though there is no definitive battle in SHE, the efforts of the protagonists to survive in her world, as well as to avoid becoming the chattel of Ayesha, still mark SHE as belonging to the mythos of adventure, albeit in a subcombative mode.
The term "subcombative" is one I tossed aside a while back, as mentioned elsewhere. But as I reflect back upon the writing of that essay, I recall thinking that it made good sense to rate both SHE and KSM as belonging to the adventure-mythos, since in many ways SHE recapitulates many of the story-motifs of the earlier novel, even to the nature of the viewpoint character. For instance, Alan Moore and Kevin O'Neill to the contrary, in Haggard's novel Allen Quatermain is not a strapping square-jawed type, but a dinky, homely fellow very much like the viewpoint character of SHE.
By making that statement, though, I was allowing myself to focus on the events of the respective novels' plots rather than how those plots articulated one of the four Fryean mythoi. It was somewhat later that I would reread Theodor Gaster's THESPIS, which work was immensely helpful in remembering that each of the *mythoi* is not simply a concatenation of plot-motifs, but is aimed at (at least in my adaptation of Gaster and Frye together) at putting across a distinct emotional tenor. Rehearsing these once again:
ADVENTURE conveys the INVIGORATIVE mood, and does so by centering upon how protagonists who defend life and/or goodness from whatever forces are inimical to them. The protagonists' power of action is at its highest here.
COMEDY conveys the JUBILATIVE mood, and does so by centering upon how the heroes seek happiness/contentment in a world that has some element of craziness to it (what I've termed the "incognitive" myth-radical), yet does not deny the heroes some power of action.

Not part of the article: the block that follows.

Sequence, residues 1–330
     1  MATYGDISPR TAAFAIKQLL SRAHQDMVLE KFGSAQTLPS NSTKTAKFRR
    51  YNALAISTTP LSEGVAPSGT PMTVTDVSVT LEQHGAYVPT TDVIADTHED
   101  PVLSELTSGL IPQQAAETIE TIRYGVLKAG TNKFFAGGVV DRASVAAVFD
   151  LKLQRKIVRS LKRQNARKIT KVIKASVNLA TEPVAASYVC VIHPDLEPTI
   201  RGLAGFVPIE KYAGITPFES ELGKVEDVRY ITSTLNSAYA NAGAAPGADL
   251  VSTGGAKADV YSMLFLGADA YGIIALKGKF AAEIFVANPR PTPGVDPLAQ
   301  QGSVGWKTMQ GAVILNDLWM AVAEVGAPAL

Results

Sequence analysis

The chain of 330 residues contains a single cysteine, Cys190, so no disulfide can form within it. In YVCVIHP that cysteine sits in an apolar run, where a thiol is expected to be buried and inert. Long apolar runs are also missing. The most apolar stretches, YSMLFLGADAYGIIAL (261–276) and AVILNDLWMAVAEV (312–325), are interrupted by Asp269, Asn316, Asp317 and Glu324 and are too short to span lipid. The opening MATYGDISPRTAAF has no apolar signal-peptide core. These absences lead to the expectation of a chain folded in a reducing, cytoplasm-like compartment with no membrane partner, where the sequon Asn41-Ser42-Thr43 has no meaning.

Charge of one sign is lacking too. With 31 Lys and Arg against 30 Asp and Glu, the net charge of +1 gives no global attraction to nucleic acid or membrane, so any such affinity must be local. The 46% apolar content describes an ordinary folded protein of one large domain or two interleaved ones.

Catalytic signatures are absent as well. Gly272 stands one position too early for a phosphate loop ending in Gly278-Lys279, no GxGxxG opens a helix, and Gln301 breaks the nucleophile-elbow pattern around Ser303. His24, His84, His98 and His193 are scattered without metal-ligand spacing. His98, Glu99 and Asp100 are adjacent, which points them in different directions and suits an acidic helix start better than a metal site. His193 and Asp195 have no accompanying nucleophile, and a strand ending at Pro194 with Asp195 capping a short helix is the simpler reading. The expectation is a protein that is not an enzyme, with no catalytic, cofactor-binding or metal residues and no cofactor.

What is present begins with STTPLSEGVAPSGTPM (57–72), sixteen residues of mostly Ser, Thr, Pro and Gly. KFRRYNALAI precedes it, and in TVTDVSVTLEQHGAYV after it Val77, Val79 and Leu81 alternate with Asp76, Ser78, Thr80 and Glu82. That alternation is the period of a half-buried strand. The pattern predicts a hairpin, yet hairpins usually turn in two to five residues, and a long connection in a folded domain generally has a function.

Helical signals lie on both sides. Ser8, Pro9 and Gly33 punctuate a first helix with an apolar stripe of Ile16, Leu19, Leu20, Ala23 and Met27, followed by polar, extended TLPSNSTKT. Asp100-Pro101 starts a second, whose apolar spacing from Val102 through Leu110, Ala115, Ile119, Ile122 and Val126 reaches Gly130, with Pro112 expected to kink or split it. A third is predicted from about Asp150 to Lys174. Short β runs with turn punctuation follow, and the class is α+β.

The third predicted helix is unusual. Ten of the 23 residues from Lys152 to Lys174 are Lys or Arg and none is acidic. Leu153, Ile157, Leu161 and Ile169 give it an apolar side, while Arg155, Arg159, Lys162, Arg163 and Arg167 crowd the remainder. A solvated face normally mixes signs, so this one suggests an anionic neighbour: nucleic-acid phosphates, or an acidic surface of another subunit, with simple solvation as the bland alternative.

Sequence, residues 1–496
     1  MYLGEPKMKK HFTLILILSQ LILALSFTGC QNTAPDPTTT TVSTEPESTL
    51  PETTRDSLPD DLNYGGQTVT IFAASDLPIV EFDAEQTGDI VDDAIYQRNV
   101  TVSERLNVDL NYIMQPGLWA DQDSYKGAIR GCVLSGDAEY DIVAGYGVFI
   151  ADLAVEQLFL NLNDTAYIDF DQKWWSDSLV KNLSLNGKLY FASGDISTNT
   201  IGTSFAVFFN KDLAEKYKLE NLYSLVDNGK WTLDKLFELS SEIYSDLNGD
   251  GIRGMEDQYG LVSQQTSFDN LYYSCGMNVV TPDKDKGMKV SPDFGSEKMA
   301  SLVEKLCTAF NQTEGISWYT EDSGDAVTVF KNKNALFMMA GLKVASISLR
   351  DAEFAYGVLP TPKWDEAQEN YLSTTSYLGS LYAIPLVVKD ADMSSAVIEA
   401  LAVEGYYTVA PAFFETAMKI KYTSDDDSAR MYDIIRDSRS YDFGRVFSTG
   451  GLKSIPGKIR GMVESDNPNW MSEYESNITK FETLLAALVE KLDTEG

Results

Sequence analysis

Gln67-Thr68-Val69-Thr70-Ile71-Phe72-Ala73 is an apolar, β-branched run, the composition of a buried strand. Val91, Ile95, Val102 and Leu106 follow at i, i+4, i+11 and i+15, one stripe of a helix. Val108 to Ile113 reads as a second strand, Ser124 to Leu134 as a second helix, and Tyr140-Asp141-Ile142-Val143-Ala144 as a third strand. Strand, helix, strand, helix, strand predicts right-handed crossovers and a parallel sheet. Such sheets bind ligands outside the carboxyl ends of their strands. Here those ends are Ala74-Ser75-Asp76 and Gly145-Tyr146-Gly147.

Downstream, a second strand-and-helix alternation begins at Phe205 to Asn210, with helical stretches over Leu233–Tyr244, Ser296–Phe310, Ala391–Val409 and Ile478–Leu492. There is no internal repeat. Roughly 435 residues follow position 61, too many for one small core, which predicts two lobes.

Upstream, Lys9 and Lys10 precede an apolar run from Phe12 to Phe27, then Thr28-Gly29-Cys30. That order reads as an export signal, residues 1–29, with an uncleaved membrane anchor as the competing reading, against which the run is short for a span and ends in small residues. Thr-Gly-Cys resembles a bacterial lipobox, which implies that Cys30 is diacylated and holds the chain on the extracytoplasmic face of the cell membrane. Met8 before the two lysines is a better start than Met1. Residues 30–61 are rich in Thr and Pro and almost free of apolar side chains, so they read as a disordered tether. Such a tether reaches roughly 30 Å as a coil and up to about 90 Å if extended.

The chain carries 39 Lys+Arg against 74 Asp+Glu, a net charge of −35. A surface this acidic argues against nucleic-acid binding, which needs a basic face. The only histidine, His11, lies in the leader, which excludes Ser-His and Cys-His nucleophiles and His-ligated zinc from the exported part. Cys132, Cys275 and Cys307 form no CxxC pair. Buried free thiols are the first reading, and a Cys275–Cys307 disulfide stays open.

IRONY conveys the MORTIFICATIVE mood, and does so by centering upon characters in a world where the "power of action" is fundamentally lacking.
DRAMA conveys the PURGATIVE mood, and does so by centering upon "individuals who find themselves in some way cast out from the main society." Power of action here is more ambivalent than that of the adventure-mythos but seems more crucial to the individual's problem than it does for that of the comic hero.
Although in KSM Allen Quatermain is not quite the superman that later adaptions have made him, he is both the viewpoint character and what I have termed "the focal presence." That is, his battles with death channel the invigorative mood crucial to the adventure-mythos; the opponents he encounters, principally the lost African tribe he and his allies come across, are distinctly secondary.
In AGON I was playing with the notion that SHE was in the adventure-mythos even though it clearly did not end with a combat in which Horace Holly and his allies proved triumphant. The novel was merely an "irregular" example of adventure because the heroes got out of their predicament by dumb luck-- which seems closer to the comedic mythos than anything else.
However, one reason that SHE does not offer readers a triumph of its viewpoint charactes is because the viewpoint characters are not the stars. Clearly the star is She-Who-Must-Be-Obeyed, and the arc of her story is that of purgation, of the dramatic mythos. Admittedly SHE's viewpoint characters are much more developed than many of the non-focal viewpoint characters seen in such works as ODD JOHN, cited in this essay as an example where a barely characterized narrator tells the reader about the astounding focal presence-character.
Not all dramas (or melodramas) must end with complete purgation, even though both SHE and ODD JOHN do. It's just as possible to bring the focal presence close to total purgation, and then to pull him back from the brink of destruction, as in, to cite a couple of random examples, Shakespeare's PERICLES and noir films like the 1945 LOST WEEKEND.
The drama and the adventure, often perceived as two "serious" types of entertainment, are easy to confound, even as are the two types of "unserious" entertainment, comedy and irony. Since as I see it even Northrop Frye, who conceived the four mythoi, made what I deem a few misassignments, such classificatory problems seem almost inevitable.